The Discovery Education 3M Young Scientist Challenge , one of the nation’s premier science competitions for grades 5-8, recently announced that five Indian American youths were among the top ten finalists.
The Indian American youth are Raghav Ganesh of Joaquin Miller Middle School in San Jose, Calif.; Amulya Garimella of Dorseyville Middle School in Pittsburgh, Pa.; Iris Gupta of Robert Frost Middle School in North Potomac, Maryland; Krishna Reddy of Kirby World Academy in Wichita Falls, Texas; and Sanjana Shah of John F. Kennedy Middle School in Cupertino, Calif.
Gupta believes too many people suffer from allergies, and by testing to find the correct amount of nanoparticles optimal for blocking allergens, her invention aims to give them some much needed relief.
To help those with Autistic Spectrum Disorder and their caregivers, Ganesh’s invention predicts and prevents autistic meltdowns. Monitoring physiological and environmental factors that can cause and trigger stress, his wireless and wearable machine alerts the wearer and caregiver when any stressors rise above a certain threshold.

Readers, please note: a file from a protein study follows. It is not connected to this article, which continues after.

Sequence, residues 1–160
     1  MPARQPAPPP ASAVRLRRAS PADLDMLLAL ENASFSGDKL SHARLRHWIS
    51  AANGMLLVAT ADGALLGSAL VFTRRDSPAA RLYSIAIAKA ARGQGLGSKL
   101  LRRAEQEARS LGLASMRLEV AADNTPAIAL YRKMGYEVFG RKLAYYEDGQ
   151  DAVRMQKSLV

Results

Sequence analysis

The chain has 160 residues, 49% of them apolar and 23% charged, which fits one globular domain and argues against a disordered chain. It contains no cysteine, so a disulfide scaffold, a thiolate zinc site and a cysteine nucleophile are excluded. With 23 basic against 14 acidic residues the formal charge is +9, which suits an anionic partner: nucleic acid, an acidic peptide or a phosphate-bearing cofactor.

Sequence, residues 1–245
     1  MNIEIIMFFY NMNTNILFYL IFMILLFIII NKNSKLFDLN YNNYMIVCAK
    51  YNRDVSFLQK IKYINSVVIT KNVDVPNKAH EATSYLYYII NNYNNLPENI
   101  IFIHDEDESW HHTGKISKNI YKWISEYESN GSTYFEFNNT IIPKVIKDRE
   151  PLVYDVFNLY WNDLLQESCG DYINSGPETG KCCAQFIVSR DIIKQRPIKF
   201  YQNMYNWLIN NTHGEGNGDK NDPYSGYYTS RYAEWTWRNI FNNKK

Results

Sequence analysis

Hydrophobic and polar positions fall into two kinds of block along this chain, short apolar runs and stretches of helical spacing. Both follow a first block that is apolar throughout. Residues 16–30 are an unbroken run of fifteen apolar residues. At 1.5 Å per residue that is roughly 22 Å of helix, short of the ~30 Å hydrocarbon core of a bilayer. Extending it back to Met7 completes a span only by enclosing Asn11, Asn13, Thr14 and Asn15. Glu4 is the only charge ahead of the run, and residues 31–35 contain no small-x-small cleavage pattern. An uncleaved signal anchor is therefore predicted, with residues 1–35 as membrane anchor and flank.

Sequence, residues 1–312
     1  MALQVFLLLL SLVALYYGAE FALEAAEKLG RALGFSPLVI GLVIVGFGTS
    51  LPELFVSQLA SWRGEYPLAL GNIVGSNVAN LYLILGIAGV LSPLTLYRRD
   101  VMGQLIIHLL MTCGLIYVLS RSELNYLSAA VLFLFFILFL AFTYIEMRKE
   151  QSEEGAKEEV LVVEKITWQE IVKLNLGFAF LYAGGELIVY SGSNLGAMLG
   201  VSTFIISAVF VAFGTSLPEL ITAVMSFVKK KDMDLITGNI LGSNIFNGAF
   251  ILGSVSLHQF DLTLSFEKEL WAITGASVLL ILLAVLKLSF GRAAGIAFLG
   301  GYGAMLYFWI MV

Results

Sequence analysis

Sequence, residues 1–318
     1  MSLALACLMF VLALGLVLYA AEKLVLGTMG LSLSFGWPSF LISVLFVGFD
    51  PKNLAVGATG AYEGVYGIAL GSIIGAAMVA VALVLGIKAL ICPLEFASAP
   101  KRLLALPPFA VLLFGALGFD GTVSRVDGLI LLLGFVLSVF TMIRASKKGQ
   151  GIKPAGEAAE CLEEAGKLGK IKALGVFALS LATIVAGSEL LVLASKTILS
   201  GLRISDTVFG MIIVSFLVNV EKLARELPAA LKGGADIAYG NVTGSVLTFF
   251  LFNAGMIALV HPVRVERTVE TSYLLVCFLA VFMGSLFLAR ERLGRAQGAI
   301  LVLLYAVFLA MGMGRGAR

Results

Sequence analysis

With the goal of preventing distractions while trying to concentrate, Garimella invented a distraction monitoring system that alerts the user of a distraction by measuring EEG brainwaves. When users get distracted, they will receive an alert reminding them to concentrate and get back to work.
While a breathalyzer for alcohol consumption exists, Reddy felt that there was need for a device that could detect more. Unhappy with the inability for a breathalyzer to detect other substances, Reddy created a pupillary reflex computer program and apparatus that measures pupil dilation.
After realizing the impact of heaving rainfalls in unprepared areas, Shah created a program to detect where cities may need more drains and where they may need to increase current drain pipe sizes. By using pipe network analysis modeled after city drain pipe maps, Shah can simulate heavy rainfall to see where possible flooding may occur.